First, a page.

(WYTV)- As many as 6 million Americans may have irregular heartbeats. If it happens all the time, it’s called persistent atrial fibrillation.

If only we can get a better look inside the heart to learn why.

We can. A lab at the Ohio State University Wexner Medical Center is working with donated human hearts. They come from people who are getting new hearts in a transplant. The researchers bring the upper chamber back to life to look for answers.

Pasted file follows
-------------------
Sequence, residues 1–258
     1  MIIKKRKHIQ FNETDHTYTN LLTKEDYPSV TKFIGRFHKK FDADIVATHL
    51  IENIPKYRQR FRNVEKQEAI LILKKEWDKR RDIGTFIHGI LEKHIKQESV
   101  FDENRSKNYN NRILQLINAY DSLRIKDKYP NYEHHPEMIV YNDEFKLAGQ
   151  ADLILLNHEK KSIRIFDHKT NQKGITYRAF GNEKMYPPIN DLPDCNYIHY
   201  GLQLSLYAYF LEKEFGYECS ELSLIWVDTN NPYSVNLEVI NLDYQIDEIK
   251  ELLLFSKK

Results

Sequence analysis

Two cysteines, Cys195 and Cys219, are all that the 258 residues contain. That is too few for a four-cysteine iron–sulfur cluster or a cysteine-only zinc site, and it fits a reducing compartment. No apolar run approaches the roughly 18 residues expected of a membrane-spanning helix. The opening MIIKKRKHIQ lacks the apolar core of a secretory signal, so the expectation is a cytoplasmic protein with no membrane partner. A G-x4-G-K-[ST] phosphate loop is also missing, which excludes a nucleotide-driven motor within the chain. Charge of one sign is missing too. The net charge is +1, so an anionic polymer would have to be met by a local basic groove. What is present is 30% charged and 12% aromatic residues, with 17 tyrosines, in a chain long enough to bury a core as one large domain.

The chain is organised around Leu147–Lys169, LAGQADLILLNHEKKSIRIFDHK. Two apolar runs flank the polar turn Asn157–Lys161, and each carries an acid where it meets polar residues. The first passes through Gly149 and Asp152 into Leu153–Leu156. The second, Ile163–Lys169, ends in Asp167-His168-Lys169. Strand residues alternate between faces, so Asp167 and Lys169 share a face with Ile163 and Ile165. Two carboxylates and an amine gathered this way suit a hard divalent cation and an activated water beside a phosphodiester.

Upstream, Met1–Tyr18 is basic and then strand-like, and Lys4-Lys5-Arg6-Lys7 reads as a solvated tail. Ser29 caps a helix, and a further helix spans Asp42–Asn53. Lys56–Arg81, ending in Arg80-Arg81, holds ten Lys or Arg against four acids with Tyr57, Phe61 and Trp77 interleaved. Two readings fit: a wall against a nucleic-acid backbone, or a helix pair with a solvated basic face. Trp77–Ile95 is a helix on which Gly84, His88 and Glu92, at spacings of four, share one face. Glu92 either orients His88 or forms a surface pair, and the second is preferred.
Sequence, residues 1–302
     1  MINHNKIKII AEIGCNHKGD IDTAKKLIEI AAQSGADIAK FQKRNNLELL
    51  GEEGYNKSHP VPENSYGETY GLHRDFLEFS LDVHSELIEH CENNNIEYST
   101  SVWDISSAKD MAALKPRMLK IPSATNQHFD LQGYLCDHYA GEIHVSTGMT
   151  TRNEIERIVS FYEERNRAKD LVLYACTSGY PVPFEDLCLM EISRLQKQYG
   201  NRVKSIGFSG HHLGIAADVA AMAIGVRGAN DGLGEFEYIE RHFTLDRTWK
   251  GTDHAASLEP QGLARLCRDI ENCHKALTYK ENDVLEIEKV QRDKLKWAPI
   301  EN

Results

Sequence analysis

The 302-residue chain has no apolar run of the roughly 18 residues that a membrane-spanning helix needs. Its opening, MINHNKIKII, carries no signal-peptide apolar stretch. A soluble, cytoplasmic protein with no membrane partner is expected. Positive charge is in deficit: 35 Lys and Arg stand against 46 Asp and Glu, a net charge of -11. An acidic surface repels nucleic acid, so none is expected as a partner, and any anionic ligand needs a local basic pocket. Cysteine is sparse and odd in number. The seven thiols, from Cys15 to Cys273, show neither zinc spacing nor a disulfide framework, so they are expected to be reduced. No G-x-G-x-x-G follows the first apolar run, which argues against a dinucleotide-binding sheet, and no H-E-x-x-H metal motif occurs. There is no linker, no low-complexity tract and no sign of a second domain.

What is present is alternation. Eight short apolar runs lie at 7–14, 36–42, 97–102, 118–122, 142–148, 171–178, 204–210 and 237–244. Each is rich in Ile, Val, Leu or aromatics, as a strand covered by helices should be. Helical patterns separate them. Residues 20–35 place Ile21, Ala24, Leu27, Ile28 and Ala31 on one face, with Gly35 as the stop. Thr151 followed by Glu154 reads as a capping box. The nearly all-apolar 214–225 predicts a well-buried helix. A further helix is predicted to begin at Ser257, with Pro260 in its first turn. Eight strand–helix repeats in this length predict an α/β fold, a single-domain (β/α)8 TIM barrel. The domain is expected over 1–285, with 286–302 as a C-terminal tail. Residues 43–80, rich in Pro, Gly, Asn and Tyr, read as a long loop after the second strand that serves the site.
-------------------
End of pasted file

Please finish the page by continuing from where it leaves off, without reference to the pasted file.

But it does give some insight into why it’s not beating appropriately. The heart is in a dish with four cameras around it and injected with dye to detect electrical activity.

“It’s amazing. You can see the heart beating back again. Of course the diseased heart doesn’t beat appropriately,” said Vadim Federov.

Normal imaging can capture about 200 recordings of the heart. This records 40­ thousand in 3­D. That allows mapping of the heart like never before and, if we’re lucky, we can find out more about persistent atrial fibrillation.

Scientists say they can keep the heart tissue alive for up to 12 hours to conduct their experiments.